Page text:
by Jim Boyle
A funeral service was held yesterday (Oct. 14) for Tim Larson, a popular 43-year-old special education teacher who spent four years in the Elk River Area School District before accepting a job three years ago with the St. Michael-Albertville School District.
The educator is being remembered locally for his kind heart, a passion for running marathons and helping lift other people up.
Larson was shot and killed on Oct. 8 about 15 miles west of Paynesville in an apparent dispute over $50 and farm parts. Two men are being held in his death, including Delbert Huber, 81, of Paynesville, who was charged this past Tuesday with second degree murder. His son, Timothy Huber, 45, also of Paynesville, has been charged with aiding his father.
Word of Larson’s death made its way to Elk River and Otsego this past Sunday, leaving former colleagues shocked and saddened.
“It was hard to believe,” said Otsego Principal Erin Talley. “It’s still is hard to believe. Tim was not a confrontational man. He was a peacemaker and someone who would have looked for solutions.”
The Albertville man had worked for two years at Parker Elementary in Elk River as a teacher of emotionally and behaviorally disturbed children, and then two more years at Otsego Elementary before making the jump to middle school students in another district.
Talley said Judy Johnson, a prevention specialist for the Elk River Area School District, came in Monday morning to announce the news to her full staff and paraprofessionals, who knew him well.
“It was a difficult day,” Talley said. “Some have remained close through church activities and simply by where they live.”
Zimmerman High School Principal Marco Voce, who hired Larson while at Parker, remembered him as a serious hunter who was big into his church and big into his family.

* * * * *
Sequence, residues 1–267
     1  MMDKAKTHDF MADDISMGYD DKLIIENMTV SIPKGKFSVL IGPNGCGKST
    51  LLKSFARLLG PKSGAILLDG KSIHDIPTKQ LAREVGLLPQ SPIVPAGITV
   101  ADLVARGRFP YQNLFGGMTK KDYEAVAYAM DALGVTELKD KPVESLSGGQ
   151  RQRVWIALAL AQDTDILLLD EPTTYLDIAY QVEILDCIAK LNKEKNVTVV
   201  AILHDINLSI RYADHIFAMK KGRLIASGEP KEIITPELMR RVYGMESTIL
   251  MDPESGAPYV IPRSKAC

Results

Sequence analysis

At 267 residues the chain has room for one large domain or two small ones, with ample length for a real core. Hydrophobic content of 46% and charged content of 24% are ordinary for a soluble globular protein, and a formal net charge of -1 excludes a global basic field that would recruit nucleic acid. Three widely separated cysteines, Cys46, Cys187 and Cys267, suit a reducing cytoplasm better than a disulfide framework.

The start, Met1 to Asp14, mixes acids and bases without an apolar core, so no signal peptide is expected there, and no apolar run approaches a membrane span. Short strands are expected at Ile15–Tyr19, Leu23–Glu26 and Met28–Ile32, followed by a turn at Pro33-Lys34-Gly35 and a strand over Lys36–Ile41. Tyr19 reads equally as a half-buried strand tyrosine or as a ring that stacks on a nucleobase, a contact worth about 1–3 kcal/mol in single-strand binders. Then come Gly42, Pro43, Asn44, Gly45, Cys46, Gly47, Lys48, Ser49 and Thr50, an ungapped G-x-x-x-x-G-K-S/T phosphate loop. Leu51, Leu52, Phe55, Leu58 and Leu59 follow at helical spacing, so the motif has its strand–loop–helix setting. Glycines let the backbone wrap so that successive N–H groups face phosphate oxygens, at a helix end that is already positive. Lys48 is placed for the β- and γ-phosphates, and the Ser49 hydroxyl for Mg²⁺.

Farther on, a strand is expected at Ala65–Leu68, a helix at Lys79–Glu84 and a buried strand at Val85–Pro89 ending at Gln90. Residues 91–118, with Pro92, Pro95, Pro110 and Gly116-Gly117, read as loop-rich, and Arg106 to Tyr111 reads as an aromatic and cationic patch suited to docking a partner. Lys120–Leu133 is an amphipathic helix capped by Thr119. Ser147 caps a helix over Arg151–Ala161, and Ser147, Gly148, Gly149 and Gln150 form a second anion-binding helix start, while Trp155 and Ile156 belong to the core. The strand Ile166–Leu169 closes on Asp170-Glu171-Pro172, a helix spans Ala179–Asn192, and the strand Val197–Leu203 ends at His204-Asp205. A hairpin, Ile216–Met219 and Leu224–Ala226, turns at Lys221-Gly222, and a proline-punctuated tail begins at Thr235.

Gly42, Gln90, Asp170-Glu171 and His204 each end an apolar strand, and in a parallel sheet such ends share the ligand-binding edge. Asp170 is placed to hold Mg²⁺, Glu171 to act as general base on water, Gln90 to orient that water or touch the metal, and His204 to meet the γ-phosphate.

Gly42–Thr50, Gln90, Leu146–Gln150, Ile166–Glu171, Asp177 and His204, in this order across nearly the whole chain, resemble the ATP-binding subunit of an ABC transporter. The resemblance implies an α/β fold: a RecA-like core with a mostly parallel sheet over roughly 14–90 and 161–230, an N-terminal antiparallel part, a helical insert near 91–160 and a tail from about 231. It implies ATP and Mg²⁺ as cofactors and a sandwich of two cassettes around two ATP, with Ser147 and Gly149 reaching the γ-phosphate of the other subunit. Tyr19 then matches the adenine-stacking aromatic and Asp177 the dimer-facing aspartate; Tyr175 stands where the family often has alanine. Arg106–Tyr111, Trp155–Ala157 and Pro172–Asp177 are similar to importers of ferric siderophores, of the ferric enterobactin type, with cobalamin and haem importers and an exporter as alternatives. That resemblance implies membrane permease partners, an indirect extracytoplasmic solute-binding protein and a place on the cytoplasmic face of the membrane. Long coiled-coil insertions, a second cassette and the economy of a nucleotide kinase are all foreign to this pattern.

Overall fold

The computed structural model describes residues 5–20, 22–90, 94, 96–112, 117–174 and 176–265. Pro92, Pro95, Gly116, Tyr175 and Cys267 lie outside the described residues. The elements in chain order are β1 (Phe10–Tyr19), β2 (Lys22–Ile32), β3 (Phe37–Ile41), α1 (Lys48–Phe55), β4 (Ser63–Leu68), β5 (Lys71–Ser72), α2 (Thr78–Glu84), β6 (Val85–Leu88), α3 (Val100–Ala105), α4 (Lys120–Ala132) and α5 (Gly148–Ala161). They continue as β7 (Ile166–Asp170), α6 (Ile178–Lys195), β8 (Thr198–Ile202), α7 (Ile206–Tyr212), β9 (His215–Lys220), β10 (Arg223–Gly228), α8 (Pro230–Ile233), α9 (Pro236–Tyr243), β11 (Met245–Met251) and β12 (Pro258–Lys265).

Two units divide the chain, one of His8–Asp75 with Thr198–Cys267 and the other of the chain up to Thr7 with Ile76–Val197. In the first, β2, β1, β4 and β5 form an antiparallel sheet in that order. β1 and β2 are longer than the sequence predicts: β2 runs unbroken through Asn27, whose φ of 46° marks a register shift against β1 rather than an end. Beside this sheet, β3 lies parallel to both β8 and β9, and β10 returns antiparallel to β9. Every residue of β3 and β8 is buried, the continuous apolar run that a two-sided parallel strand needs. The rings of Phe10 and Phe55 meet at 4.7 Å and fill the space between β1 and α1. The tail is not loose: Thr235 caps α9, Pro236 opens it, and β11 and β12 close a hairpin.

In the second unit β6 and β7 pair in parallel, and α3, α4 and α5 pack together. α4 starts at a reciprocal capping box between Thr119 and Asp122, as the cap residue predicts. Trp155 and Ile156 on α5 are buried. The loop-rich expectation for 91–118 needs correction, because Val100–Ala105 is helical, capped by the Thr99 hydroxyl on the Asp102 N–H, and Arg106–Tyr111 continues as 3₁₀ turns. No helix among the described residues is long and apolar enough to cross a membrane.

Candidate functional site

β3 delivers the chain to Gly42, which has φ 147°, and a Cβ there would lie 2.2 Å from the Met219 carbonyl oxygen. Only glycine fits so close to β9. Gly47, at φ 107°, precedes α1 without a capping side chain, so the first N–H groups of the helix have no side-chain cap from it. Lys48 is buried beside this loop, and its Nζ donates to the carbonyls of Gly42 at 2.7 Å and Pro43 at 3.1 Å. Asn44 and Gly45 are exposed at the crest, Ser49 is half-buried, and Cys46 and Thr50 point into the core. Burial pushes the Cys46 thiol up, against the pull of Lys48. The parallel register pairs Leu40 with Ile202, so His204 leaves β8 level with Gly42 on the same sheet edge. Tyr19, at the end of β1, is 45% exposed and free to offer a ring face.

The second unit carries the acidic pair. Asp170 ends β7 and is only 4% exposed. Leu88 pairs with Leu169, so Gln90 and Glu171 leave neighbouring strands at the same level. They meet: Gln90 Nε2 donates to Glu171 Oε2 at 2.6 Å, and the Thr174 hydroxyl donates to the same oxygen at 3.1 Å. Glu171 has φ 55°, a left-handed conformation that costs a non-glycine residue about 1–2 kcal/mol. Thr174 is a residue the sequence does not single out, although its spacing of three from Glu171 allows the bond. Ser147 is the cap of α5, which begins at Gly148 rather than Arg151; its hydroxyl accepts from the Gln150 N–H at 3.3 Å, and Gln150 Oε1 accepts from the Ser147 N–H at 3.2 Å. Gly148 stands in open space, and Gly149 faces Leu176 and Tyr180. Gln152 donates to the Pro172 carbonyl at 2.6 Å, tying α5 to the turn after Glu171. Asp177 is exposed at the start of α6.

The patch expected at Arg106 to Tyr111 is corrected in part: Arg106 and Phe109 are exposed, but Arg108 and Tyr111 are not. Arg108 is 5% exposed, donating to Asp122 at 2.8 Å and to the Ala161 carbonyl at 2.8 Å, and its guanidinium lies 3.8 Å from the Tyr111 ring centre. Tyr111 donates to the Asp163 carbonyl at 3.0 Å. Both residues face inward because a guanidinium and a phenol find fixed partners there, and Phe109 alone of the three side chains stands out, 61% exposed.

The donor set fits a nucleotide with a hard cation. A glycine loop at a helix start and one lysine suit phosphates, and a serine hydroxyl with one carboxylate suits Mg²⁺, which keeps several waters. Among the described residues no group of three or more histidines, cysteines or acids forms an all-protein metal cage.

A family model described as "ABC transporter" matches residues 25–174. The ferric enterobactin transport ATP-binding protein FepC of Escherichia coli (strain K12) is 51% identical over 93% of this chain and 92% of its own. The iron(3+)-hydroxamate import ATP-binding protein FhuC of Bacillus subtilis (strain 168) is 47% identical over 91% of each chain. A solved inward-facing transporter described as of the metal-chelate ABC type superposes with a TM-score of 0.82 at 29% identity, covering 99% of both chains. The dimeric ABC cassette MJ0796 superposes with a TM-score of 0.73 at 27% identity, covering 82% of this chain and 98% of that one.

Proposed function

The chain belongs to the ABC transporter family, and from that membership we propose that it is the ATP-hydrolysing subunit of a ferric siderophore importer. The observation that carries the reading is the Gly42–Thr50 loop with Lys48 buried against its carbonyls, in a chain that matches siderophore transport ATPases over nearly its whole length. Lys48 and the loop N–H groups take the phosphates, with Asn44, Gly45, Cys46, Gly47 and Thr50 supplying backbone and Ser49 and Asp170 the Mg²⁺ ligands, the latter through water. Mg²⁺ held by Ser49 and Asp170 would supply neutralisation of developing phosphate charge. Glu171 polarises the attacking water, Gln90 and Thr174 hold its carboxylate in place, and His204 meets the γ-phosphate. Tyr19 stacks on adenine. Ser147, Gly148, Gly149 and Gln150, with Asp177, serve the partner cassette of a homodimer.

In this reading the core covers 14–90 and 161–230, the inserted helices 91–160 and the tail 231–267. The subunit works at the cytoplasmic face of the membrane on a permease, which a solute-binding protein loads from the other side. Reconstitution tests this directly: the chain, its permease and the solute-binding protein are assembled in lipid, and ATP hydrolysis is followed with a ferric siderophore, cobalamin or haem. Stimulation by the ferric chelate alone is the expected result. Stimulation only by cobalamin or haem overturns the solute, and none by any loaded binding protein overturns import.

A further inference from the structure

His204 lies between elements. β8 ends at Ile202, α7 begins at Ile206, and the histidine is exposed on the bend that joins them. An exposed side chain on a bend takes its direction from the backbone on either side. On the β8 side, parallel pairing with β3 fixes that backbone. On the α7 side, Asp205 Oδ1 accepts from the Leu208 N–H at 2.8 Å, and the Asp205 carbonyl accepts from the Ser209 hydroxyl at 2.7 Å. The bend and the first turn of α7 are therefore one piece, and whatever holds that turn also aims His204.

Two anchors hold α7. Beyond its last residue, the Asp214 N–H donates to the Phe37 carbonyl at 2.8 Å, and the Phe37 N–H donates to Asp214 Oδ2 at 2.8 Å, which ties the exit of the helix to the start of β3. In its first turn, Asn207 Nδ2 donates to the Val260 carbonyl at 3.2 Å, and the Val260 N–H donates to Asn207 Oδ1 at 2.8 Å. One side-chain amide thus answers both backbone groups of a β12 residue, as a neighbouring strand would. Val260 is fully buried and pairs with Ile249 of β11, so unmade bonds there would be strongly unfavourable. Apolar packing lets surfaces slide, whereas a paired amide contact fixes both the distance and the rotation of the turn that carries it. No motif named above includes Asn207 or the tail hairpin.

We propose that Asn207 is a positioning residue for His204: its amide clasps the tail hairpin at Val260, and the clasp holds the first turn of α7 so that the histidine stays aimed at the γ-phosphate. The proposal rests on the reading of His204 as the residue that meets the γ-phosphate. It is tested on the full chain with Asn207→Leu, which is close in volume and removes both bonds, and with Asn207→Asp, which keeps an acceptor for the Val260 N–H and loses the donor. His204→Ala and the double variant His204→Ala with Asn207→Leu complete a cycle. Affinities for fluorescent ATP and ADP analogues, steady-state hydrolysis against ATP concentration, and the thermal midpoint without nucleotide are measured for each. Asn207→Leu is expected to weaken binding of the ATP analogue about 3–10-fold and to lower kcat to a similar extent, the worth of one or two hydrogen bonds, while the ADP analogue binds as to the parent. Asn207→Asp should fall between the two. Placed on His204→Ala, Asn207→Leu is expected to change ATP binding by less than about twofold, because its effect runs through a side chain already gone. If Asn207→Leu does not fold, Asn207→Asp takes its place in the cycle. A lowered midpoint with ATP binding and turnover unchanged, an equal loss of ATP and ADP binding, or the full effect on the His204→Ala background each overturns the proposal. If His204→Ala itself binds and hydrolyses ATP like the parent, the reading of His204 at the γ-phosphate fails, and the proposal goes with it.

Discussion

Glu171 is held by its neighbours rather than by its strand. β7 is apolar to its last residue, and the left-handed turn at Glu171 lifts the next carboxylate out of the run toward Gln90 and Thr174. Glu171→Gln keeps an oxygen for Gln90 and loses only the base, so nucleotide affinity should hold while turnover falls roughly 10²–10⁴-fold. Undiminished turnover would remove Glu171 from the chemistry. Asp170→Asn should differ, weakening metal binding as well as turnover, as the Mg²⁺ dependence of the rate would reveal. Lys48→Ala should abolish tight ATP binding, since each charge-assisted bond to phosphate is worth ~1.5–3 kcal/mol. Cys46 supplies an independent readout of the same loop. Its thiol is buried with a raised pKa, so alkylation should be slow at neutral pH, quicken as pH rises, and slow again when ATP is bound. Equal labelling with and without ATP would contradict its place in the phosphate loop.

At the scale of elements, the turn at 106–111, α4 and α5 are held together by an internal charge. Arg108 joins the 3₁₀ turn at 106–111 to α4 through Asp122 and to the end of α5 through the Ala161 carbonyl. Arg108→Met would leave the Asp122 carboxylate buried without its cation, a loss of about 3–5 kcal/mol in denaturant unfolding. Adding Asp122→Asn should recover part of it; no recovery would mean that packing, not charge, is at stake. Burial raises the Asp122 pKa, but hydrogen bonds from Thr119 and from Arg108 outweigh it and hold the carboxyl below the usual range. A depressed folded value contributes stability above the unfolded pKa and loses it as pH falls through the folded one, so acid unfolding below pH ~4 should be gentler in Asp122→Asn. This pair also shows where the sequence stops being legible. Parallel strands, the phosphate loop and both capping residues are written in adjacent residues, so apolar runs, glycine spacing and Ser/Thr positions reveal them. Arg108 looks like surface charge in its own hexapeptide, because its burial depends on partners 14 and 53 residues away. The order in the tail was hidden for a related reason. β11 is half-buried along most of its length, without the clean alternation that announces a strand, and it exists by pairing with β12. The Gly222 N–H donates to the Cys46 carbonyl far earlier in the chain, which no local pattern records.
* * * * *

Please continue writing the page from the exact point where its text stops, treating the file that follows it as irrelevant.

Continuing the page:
“Nothing topped his kids and family,” Talley said.
Donna McGraw, a special education teacher at Parker, will never forget his greetings.
“Every morning when I’d see him and ask him how he was doing, he’d say ‘I’m blessed,’ ” McGraw said. “And at the end of the day when he would leave, he would say: ‘now you have a blessed day.’ ”
Larson was no doubt remembered at the funeral for his passions, which included running and helping others. As a teacher, he believed every student deserved a chance to succeed, McGraw said.
The former U.S. Marine and college wrestler completed the Boston Marathon with a time of 3:19:46 in 2009. He also ran the treacherous Pikes Peak Marathon as well as Minnesota’s most notable marathons.
He combined his passion for running with his passion for helping people in raising more than $21,000 to drill water wells in desperate regions around the world.
The cause he supported was called: “Mission: Water for LIFE.” The organization addressed the statistic that each year 3.4 million people, mostly children, die from water-related diseases.
Colleagues say Larson was always interested in how others around him were doing.
“Anytime you won, he won, too,” said Kristie Redmann, a school psychologist who worked with him at Parker and is a fellow runner. “He was so happy for you if you did well, and if you didn’t he was still happy for you.”
Redmann feels badly about not emailing Larson news of her recent finish in the Twin Cities Marathon.
“I wanted to finish in under four hours, and I didn’t,” said Redmann, who missed it by fewer than eight minutes. “He would have been happy for me anyway.
“He always built people up. That was his style.”